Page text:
I think I follow the concerns that permissions are an explicit user choice and the fact that a permission for the site is present does not make an extended fingerprinting vector for non-resistFingerprinting use cases.

If the permission is directly queryable this is a flaw in the permissions API that we might want to address separately.

Status: NEW → RESOLVED
Closed: 2 years ago
Resolution: --- → WONTFIX
Component: Preferences → Data Sanitization
Product: Firefox → Toolkit

If the permission is directly queryable this is a flaw in the permissions API that we might want to address separately

re: Permissions API [1]

for (const a of [ 'accelerometer', 'accessibility-events', 'ambient-light-sensor',
 'background-sync', 'camera', 'clipboard-read', 'clipboard-write', 'geolocation',
 'gyroscope', 'magnetometer', 'microphone', 'midi', 'notifications', 'payment-handler',
 'persistent-storage', 'push' ]) navigator.permissions.query({name:a}).then(e => 
console.log("permission for", a, ":", e.state)).catch(console.log);

Currently only geolocation, notifications, push and persistent-storage return values and might be worthwhile as FP'able metrics. See [2]: geolocation is a good metric (at the end of the languages/locale section). persistent-storage (in the cookies/storage section) always returns the prompt reply (or stored site exception) and is not a stable metric.

So yes, some permissions are directly queryable if someone wants to open a ticket for it

[1] https://developer.mozilla.org/en-US/docs/Web/API/Permissions/query
[2] https://ghacksuserjs.github.io/TorZillaPrint/TorZillaPrint.html

pinging Ethan so someone from Tor Uplift is aware

Flags: needinfo?(ettseng)

This is both a disk hacking and fingerprinting issue. Let's reopen this bug to keep track of it.

Status: RESOLVED → REOPENED
Flags: needinfo?(ettseng)
Resolution: WONTFIX → ---
Whiteboard: [fingerprinting][fp-triaged]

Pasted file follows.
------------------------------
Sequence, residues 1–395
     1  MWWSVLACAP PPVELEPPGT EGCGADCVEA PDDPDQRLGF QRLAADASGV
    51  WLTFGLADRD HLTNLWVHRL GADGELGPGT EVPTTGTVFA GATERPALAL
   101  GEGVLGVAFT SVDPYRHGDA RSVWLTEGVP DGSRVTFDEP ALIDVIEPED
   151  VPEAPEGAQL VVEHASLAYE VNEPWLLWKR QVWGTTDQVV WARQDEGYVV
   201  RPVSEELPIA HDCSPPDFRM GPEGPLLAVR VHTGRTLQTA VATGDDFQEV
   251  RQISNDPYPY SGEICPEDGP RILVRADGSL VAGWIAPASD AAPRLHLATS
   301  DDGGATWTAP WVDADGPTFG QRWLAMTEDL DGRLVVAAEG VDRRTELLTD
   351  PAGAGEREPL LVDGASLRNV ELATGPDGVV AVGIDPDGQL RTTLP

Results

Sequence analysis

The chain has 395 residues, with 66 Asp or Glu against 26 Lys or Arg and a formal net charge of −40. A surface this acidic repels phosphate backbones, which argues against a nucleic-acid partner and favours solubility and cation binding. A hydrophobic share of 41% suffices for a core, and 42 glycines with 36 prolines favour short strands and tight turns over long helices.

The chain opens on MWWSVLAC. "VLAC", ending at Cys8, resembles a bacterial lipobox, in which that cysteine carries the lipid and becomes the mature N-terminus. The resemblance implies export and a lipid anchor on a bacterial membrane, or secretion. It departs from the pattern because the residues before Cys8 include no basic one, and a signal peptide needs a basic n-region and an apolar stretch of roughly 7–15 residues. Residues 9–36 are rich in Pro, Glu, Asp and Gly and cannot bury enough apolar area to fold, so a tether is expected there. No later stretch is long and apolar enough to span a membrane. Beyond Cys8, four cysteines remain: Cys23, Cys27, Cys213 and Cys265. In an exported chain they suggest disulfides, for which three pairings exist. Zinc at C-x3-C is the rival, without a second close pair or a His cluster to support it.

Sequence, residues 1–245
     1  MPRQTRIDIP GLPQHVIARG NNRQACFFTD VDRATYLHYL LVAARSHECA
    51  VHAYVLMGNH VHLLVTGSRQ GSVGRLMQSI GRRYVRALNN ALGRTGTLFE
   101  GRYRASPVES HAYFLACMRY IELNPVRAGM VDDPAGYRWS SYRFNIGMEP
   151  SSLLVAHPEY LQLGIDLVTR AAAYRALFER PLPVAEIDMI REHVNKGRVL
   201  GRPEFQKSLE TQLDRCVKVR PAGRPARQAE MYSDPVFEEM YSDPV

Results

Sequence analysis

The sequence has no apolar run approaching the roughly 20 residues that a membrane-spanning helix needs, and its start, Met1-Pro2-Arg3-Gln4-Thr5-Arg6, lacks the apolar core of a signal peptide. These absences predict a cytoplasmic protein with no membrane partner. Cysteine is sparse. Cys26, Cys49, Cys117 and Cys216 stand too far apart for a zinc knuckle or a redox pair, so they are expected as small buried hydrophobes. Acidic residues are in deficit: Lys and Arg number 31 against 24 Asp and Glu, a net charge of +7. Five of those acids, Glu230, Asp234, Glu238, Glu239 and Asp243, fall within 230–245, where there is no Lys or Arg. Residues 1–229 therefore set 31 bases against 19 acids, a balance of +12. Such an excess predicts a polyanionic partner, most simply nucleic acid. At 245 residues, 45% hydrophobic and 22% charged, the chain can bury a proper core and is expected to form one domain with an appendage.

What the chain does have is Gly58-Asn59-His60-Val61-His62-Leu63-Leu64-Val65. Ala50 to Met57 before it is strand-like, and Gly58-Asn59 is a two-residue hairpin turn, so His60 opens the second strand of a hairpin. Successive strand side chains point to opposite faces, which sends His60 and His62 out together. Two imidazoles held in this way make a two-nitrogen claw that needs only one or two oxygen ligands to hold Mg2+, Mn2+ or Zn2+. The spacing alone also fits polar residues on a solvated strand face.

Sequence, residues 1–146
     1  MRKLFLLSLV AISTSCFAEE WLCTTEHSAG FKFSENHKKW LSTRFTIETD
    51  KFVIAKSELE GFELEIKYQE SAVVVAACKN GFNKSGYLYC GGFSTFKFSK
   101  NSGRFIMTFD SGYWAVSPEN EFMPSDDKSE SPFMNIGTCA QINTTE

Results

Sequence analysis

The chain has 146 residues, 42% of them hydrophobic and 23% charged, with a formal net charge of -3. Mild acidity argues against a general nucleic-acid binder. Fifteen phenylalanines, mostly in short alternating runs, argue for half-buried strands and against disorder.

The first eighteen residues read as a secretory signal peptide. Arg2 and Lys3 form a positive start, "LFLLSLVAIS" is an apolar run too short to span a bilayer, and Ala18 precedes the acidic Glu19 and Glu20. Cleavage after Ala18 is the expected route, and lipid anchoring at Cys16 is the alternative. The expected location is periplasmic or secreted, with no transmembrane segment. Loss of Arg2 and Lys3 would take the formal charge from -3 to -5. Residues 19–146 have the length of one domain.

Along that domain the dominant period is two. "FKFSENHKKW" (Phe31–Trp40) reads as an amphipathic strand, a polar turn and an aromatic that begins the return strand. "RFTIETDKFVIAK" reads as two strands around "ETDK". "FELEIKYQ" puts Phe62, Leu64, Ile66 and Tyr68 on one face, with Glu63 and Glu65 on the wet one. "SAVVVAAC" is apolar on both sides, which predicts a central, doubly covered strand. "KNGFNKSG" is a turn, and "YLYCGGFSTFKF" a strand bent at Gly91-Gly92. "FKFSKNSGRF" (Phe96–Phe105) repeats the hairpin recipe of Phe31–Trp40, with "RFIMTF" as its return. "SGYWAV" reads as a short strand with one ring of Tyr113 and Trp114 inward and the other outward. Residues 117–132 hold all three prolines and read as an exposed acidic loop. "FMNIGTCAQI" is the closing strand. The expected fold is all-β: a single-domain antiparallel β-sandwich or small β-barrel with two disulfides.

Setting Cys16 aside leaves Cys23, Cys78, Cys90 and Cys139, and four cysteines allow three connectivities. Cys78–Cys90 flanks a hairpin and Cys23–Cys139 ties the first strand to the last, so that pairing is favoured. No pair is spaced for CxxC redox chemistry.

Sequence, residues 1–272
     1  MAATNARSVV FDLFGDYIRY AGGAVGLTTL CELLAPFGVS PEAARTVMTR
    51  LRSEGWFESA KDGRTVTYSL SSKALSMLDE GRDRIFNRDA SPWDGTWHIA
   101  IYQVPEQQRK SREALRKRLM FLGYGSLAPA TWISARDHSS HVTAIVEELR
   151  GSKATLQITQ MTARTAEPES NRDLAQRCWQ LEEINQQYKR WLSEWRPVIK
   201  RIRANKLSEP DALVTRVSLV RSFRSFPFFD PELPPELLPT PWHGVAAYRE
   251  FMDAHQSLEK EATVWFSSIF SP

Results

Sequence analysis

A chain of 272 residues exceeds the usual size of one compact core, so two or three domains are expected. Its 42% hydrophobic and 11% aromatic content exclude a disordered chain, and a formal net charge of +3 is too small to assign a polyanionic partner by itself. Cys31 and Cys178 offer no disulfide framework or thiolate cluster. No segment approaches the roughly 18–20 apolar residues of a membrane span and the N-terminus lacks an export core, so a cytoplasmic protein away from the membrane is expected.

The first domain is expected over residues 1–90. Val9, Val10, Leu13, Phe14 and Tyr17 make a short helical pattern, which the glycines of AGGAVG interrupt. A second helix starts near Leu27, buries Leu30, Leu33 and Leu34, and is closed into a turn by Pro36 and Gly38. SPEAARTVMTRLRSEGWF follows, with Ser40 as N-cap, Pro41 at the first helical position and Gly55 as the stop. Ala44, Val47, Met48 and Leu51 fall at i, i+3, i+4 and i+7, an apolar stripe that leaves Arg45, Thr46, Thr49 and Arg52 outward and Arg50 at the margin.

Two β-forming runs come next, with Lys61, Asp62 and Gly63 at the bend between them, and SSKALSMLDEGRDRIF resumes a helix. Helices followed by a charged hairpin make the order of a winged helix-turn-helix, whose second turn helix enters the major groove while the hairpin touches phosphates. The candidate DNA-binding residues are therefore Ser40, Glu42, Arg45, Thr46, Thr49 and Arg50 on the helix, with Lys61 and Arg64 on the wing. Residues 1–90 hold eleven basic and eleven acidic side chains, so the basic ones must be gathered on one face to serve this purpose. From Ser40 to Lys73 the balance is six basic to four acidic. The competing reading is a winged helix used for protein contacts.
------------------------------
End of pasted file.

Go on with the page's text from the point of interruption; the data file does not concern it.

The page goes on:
I don't see how this bug is a problem for Tor browser. Permissions are not stored on disk in Tor (if they were it would be another bug, but not this one). Ethan, can you please elaborate how this is relevant to Tor?

Comment 9 does not present an argument to re-opening this bug. As I said in comment 8, I'm aware that permission states are queryable but this should be solved on the Permissions API level, either by discussing at the spec level or (more likely) by updating permissions.query to always return "prompt" when RFP is enabled.

If these are issues of relevance for Tor browser please file them separately, I'm 99% certain that this bug is not relevant to you.

Status: REOPENED → RESOLVED
Closed: 2 years ago2 years ago
Flags: needinfo?(ettseng)
Resolution: --- → WONTFIX

Johann, I didn't think of it clearly enough while re-opening the bug. Thanks for the clarification.

Flags: needinfo?(ettseng)
Whiteboard: [fingerprinting][fp-triaged]

(In reply to Ethan Tseng [:ethan] from comment #13)

Johann, I didn't think of it clearly enough while re-opening the bug. Thanks for the clarification.

As Johann said "... or (more likely) by updating permissions.query to always return "prompt" when RFP is enabled", which is why I pinged you, to possibly create a ticket. While it doesn't affect Tor Browser (site permissions are session only, and they can enforce their defaults etc), it does affect Firefox

If you create a ticket, cc me in (if you remember), thanks

You need to log in before you can comment on or make changes to this bug.